Monsoon in the Anti Chlamydia Outfit: Drums

Hey every 1. It’s me, Lord On-Time Machine.

When I was a teenager, my the instrument I played was drums. I studied them quite bit, but when I moved out of my parents’ house it was hard to practice. In apartments, I suddenly had close neighbors, so I switched to bass. On my first two albums, I’ve often heard complaints that the drumming sucks. But I was quite happy with the drumming because I got exactly what I wanted out of them. And I believe it secretly drives the album. As I’ve gotten older and fallen gloriously out of practice, my own big complaint about subsequent recordings is I did not feel as in control on this instrument. Attempts to get back in practice have often fizzled. And I focussed on bass because it made more sense live. But on bass, I have no idea what I’m doing. On drums, I still understand how they work and can do complex things, even if I sound bad. And this is how it’s been for many years.

Enter Mr. Covid. Over the year+ in quarantine, I practiced pretty much every day, just loosely jamming. But the revelation came toward the end when I was starting to look for new work. I can teach you to play drums, even if I don’t sound to good myself. And I work with a lot of drummers both as a bass player and a sound person and have a good sense of what to look for in a good drummer. So why not give lessons? I ordered a beginner’s drum book, the most basic stuff, just to look though it and think about teaching. Eureka! I felt my sound improve almost immediately. Frankly, every drummer I know should go back to the beginning and study the basics more carefully, the stuff they rushed through as teenagers and I think they know so well now. But most drummers are pretty bad and play too loud. Anyway, over the last two months, I searched for lists of the most classic instruction books, ordered a bunch and easily spend two hours a day on them when I have time. They are really enjoyable. When I was younger, I skipped all the technique stuff and focussed more on interesting rhythms. But now all I care about is technique stuff: separation, time keeping, control. There are still many problems with my playing. It may take me a year to sound as good as I expect, especially as work creeps back in and I have less time. But for the first time in years, I feel I’m on the right track.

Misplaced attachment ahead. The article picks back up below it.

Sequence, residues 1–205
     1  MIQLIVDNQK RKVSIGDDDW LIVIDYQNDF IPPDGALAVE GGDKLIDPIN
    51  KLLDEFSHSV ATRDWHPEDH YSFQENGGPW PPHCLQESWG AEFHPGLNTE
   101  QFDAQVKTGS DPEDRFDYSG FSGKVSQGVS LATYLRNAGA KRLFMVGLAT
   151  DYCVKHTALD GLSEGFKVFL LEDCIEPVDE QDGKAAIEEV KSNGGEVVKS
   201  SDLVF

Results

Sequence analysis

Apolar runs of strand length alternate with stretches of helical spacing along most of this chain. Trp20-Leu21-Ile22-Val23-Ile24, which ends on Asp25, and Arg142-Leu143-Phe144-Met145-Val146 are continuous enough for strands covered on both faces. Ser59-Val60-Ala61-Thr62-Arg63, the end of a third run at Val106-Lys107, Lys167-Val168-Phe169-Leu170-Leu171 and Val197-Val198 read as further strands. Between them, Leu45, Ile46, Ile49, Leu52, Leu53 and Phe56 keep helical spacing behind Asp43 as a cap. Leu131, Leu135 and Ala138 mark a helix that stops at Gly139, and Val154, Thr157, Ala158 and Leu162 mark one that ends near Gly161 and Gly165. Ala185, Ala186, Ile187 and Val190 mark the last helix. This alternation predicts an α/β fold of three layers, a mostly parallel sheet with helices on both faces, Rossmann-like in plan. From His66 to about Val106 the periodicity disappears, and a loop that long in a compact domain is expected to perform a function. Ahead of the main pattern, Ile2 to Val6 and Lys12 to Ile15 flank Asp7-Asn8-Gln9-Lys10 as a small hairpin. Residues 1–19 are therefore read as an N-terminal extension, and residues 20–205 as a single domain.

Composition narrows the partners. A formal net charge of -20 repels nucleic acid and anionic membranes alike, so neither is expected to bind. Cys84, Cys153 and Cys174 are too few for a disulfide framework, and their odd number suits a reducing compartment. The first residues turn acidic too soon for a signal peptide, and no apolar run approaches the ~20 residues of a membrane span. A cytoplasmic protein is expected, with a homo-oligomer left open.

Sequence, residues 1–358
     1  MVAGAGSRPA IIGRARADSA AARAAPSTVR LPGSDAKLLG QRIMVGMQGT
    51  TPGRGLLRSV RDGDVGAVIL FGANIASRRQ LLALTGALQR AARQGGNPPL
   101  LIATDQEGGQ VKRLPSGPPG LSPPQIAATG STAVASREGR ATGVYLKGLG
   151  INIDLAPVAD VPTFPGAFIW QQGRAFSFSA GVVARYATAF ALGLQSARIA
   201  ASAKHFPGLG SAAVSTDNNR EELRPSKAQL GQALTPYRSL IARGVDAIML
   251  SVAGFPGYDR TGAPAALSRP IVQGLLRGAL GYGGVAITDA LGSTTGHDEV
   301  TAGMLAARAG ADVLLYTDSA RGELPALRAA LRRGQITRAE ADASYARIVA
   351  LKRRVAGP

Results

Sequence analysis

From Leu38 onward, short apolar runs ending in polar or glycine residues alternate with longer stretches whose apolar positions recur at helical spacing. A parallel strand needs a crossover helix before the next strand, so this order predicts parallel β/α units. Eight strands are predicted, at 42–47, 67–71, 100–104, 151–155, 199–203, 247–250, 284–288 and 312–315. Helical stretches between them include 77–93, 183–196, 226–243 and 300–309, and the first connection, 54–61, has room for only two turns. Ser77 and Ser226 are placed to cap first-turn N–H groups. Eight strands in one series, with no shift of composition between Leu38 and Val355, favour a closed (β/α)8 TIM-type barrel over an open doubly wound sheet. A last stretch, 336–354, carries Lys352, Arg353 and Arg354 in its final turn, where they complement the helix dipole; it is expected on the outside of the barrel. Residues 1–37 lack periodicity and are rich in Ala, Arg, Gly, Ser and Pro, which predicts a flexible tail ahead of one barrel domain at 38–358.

One strange thing that happens when I go through these books, though, is I am flood with vivid memories of being a teenager. Good ones and bad ones. I guess that’s because that’s the last time I studied drums like this. And my drum knowledge is stored in the same region of my brain. Unlocking some of it unlocked all of it. It’s really strange.

Anyway, happy to working on this. My experience working with drummers has taught me the number one thing a drummer can do to improve is play quieter. That’s sure an oversimplification but one I like repeating. Just working on technique the way I have the past few months, the volume comes down automatically. It seems to be a symptom of otherwise good drumming.

Have a great weekend. Chairs.

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